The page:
Sedentary lifestyles are well-known to be a cause of the onset of loss of muscles due to aging. Although the condition most commonly occurs at an advanced age, sedentary lifestyle habits often begin when the body naturally begins to lose muscle mass, at around the age of thirty to forty years.
While it is recommended that healthy adults consume at least about 1 gram per kilogram of body weight, that amounts to roughly 70 grams of protein per day, for an average 150 lb. adult. That’s roughly two ribeyes or two pork chops, a day! Although meat eaters may rejoice, trying to eat only meat to satisfy your protein needs may cause high cholesterol and blood pressure, leading to an increased risk for heart disease and other Metabolic Syndrome-related illnesses.
At an advanced age, the body’s chemistry is more sensitive, especially for those with pre-existing conditions. Without enough physical activity, the body converts excess protein into fat, just like carbohydrates, which can lead to health complications.
If you’re concerned that you’re not taking enough protein into your diet, here’s some good news, doctors now recommend that protein supplements are safe for older people to consume, likely in smaller doses, especially when paired with light or moderate exercise.
Although protein supplements can easily lead to complications like high blood glucose levels, taking small amounts, less than the recommended dose, can help boost muscular health, lower glucose levels, and increase physical activity. If you’re unsure if protein supplements are right for you, please consult your doctor or nutritionist for more information.
Here are some tips for minimizing muscle loss and safely increasing your protein intake:
Balanced diets do often cover your nutritional needs, but eating too many processed foods can mean that you’ll miss out on roughage, which is good cellulose. Good plant proteins and fibers, great for keeping your muscles and skin firm, include celery and broccoli, as well as kale or bean sprouts.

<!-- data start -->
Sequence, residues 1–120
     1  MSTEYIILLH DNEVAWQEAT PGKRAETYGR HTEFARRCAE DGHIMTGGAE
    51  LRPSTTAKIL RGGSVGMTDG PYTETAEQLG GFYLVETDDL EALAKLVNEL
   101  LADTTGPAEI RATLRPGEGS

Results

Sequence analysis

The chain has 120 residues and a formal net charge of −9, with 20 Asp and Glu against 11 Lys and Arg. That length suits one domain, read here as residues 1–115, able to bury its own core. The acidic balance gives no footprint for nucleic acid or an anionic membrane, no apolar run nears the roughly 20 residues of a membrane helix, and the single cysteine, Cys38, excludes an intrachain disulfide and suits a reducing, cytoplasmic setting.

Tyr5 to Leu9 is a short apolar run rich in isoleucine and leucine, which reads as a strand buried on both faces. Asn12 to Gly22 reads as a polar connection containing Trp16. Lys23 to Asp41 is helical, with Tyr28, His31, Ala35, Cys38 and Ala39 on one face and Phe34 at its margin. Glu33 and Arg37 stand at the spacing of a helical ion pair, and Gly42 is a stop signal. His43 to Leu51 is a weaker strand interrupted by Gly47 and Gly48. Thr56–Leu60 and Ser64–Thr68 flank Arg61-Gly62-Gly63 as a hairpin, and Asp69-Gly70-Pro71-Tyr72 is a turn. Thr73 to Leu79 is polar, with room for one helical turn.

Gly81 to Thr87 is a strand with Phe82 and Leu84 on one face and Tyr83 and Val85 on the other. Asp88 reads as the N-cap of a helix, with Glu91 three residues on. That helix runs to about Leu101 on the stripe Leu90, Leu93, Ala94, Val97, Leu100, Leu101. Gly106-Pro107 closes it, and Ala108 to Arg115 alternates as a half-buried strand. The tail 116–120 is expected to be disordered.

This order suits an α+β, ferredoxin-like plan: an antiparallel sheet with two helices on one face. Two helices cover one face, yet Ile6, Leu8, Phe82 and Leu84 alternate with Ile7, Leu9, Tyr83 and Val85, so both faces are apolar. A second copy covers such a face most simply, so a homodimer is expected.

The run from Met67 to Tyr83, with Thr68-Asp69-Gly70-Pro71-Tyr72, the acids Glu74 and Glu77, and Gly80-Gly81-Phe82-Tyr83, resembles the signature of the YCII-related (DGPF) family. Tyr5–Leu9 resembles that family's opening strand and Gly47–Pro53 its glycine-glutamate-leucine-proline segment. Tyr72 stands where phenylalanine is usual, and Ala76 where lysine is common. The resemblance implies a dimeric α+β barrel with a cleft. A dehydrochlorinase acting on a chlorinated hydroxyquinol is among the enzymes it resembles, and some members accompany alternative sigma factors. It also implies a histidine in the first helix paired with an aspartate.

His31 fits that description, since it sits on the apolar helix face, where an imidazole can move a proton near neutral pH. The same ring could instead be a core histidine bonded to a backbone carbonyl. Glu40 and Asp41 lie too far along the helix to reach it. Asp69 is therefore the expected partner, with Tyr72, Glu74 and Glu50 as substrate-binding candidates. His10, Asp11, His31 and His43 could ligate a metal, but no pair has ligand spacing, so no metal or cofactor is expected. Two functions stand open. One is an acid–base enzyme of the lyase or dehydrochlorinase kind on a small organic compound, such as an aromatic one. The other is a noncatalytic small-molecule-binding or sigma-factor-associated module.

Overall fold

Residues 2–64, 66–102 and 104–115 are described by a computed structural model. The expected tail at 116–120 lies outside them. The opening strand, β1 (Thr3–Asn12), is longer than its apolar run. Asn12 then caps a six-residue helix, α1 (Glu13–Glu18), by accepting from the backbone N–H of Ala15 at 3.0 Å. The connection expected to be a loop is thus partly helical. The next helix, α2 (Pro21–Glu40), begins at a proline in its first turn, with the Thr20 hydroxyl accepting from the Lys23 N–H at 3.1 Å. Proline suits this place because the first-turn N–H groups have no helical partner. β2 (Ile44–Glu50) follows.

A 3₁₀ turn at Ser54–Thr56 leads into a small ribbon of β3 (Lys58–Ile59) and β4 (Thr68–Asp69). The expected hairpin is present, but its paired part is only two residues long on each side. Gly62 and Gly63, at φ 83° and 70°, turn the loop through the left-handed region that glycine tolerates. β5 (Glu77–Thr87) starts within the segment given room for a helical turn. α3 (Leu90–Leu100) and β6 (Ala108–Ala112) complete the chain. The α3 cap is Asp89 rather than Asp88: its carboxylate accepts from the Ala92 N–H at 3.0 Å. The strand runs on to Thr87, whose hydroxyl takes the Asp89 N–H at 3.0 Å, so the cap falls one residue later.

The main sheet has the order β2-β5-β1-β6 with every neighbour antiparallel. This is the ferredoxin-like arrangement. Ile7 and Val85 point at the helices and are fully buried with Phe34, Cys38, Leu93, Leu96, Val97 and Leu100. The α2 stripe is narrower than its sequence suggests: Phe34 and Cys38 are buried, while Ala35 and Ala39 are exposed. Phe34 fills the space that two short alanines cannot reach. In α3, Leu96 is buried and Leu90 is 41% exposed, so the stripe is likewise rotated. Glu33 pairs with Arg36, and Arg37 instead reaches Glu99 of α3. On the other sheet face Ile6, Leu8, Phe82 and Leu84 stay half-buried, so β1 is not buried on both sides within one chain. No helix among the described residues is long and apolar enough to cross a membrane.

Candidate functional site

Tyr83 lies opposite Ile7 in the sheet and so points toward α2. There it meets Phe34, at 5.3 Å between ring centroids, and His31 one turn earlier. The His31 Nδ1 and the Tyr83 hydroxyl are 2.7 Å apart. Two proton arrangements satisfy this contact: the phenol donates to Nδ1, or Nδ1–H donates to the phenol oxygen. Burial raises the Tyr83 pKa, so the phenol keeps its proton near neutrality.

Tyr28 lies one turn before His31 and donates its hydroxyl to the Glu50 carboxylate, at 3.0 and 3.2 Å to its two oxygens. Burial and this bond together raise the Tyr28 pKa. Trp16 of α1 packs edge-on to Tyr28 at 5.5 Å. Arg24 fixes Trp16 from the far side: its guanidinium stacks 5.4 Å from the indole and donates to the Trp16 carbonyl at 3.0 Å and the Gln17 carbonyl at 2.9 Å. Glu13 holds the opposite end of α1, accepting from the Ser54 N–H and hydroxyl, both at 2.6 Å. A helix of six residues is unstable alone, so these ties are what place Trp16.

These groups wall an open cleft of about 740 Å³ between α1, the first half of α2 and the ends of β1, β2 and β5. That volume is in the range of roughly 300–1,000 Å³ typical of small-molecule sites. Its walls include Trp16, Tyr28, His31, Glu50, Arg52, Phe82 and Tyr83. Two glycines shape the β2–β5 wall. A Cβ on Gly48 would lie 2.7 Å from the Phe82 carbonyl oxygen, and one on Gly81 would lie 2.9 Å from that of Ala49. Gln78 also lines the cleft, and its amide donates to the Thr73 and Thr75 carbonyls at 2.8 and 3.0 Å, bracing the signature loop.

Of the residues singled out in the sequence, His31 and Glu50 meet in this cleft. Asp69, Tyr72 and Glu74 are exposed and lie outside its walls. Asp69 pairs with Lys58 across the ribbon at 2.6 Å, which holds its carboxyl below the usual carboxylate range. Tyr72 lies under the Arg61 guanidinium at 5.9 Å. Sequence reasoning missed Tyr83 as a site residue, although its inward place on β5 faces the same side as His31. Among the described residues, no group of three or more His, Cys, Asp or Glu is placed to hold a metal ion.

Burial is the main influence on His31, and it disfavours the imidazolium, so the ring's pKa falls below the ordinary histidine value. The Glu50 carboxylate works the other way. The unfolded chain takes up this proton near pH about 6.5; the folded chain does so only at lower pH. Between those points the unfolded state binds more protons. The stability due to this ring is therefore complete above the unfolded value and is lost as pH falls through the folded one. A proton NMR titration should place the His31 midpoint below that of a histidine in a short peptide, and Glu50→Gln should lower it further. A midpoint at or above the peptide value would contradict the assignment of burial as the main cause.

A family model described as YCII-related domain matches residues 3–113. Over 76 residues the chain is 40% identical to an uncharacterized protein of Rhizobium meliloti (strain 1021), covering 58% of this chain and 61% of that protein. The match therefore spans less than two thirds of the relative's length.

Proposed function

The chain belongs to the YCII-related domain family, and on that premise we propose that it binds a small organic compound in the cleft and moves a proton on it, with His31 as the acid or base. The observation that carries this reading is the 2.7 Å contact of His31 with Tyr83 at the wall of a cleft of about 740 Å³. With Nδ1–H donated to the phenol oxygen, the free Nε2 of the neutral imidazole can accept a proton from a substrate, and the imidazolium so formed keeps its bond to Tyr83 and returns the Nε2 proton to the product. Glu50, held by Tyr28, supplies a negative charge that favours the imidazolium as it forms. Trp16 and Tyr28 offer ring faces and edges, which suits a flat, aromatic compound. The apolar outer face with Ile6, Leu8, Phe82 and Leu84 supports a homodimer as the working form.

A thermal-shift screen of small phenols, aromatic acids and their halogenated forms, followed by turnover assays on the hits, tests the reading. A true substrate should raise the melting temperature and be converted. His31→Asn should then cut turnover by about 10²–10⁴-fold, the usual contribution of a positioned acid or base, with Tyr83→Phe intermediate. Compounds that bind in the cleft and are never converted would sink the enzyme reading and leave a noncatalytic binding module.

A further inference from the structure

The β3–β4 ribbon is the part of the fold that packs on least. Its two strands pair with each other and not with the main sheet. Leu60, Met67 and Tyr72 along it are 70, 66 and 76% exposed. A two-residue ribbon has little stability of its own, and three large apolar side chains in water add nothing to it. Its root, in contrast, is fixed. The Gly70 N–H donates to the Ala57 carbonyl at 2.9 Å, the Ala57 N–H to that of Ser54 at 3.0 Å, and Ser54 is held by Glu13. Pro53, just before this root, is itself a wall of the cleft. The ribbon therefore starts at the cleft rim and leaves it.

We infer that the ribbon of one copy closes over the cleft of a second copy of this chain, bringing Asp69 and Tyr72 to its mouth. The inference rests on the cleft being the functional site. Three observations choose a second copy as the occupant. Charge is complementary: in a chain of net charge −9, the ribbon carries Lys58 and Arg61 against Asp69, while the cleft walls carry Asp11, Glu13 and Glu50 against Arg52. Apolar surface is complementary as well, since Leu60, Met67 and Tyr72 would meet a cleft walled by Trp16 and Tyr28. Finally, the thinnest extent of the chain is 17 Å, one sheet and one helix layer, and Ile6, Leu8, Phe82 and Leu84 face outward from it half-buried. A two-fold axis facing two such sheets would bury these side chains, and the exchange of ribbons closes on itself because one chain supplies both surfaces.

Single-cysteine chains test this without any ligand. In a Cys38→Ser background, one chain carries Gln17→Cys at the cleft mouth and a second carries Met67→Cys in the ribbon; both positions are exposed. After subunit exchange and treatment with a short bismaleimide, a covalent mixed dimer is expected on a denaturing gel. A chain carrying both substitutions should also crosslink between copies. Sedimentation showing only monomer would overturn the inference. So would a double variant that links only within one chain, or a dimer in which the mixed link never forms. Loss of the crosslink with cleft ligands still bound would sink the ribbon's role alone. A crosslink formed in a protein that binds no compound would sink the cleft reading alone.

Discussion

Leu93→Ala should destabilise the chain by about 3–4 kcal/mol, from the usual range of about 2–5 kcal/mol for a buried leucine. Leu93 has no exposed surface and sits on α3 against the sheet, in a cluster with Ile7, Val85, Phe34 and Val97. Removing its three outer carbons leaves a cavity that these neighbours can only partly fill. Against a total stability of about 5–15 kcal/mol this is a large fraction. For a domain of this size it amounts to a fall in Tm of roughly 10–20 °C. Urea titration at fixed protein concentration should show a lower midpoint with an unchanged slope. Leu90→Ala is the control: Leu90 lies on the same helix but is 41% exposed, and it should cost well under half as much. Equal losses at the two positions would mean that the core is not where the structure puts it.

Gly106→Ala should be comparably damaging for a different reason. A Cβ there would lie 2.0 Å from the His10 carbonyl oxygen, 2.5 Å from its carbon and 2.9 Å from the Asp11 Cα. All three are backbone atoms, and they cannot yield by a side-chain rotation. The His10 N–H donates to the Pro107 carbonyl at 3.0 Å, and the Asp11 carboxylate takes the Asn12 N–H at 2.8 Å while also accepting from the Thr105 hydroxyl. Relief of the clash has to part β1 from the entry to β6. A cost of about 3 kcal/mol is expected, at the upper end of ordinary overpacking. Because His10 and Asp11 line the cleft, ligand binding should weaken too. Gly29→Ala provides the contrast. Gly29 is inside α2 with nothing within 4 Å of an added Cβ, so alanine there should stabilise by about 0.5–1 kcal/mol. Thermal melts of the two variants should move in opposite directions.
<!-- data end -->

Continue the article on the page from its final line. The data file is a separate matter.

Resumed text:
Exercise at least three times per week. Increase your protein intake slightly after exercise, to boost muscle recovery and improve your metabolic rate. This will help the body naturally heal the wear and tear from exercise, as well as help lower your visceral fat levels.
After light to moderate exercise, try having a snack of nuts and dried fruits, to supplement your protein intake, in addition to your meals. If you’re a vegetarian, make sure to include a healthy selection of beans and sprouts, or legume-based products, such as tofu or peanut butter.
If you are taking protein supplements, try half the recommended dose, especially if you’re using a whey-based performance enhancing product. Protein supplements are designed to be taken for exercise strain and recovery, so if you feel that half the dose is not enough, first try increasing your intake in small increments, and see how your body responds. If you feel as if your fat percentage increases without explanation, you’re probably taking too much.